> there is a very real possibility of that certificate being blacklisted by browsers

Why would a browser blacklist a certificate? Is it possible for a browser to detect a MITM attack when the SSL traffic is all signed by the private key of a trusted root certificate?

2:

> Further, unlike the Kazakhstan certificate, those root certificates cannot bypass HTTPS public key pinning (HPKP).

You are saying that pre-installed root certificates behave differently than user-installed root certificates? Wouldn't that behavior be system-dependent? I was under the impression that no root certificates can bypass public key pinning... isn't that sort of the point of pinning? That it allows traffic encryption outside of the normal trust hierarchy? What makes the Kazakhstan cert special that allows it to break pinning?


1: A server using HPKP with the reporting feature turned on will receive reports from browsers when the certificate does not match what was expected (provided HPKP is being honored).

2: Browsers ignore HPKP when the server certificate is trusted through a user or administrator installed root CA. All mainstream browsers on all platforms behave in this way. This is by design specifically to allow enterprises to do the sort of traffic interception that Kazakhstan is implementing. The rationale is that if an attacker is able to get as far as installing their own CA on your system, you're screwed anyway.


These CAs have to follow specific rules and have external audit. MITM is prohibited by these rules: certificate authorities that participate or enable MITM are removed from root stores (example: https://en.wikipedia.org/wiki/DigiNotar).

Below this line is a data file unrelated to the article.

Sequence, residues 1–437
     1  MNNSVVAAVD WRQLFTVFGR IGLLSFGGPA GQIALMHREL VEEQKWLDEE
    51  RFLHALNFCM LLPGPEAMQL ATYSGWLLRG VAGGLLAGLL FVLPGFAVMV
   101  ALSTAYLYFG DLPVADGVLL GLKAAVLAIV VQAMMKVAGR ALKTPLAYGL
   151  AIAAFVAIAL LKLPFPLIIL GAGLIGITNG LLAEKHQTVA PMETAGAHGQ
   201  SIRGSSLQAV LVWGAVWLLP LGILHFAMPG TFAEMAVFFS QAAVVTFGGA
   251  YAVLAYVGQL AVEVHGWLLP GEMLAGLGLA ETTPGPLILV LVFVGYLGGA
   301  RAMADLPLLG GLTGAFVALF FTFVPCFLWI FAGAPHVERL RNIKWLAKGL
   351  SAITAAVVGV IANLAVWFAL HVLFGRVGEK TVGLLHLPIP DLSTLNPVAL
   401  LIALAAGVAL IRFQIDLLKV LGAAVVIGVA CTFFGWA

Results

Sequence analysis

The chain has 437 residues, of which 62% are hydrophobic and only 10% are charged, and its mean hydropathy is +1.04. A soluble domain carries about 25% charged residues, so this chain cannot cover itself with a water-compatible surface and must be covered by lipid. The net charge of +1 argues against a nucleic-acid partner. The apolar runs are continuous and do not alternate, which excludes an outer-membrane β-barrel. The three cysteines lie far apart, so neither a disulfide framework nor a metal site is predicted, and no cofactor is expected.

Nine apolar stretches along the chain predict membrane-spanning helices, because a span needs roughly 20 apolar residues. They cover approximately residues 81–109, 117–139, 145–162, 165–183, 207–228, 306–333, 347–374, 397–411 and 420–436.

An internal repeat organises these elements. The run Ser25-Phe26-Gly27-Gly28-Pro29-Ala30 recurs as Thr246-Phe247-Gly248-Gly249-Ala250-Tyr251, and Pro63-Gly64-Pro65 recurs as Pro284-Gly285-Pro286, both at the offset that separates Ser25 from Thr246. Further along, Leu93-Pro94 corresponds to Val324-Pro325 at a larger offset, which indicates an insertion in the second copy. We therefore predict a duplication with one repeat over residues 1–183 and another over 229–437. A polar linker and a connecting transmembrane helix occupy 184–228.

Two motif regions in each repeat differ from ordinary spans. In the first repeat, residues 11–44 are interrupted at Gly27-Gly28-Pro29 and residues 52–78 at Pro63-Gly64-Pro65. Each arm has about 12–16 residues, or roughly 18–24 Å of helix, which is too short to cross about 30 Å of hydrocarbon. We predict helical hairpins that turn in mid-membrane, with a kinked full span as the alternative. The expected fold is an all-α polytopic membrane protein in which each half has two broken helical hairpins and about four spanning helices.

DigiNotar was used for MITM after getting hacked. If talking about CAs caught intentionally issuing intermediates for MITM purposes, we should at least mention TrustWave (SecureTrust CA): https://en.wikipedia.org/wiki/Trustwave_Holdings#Unrestricte...


The rules and audits don't seem very effective: it's not just Diginotar that has been caught issuing rogue *.google.com certificates, but to my knowledge it's the only one that got removed from root stores.


And sometimes the CAs might receive National Security Letters insisting on National Securtiy Certificates.


A National Security Letter will not prevent the certificate authority from being blacklisted when detected, and there are at least some legal precedents for warrants (though not necessarily for NSLs) that could challenge a warrant if complying with it would effectively destroy the business (given that the business itself is not the subject of the warrant). If that isn't the definition of an "unreasonable burden", nothing is.


"A National Security Letter will not prevent the certificate authority from being blacklisted " Sure it will, just send another NSL to the blacklisting instance.

And I do not understand that going to jail instantly is a smaller burden for you than living with the small risk getting caught.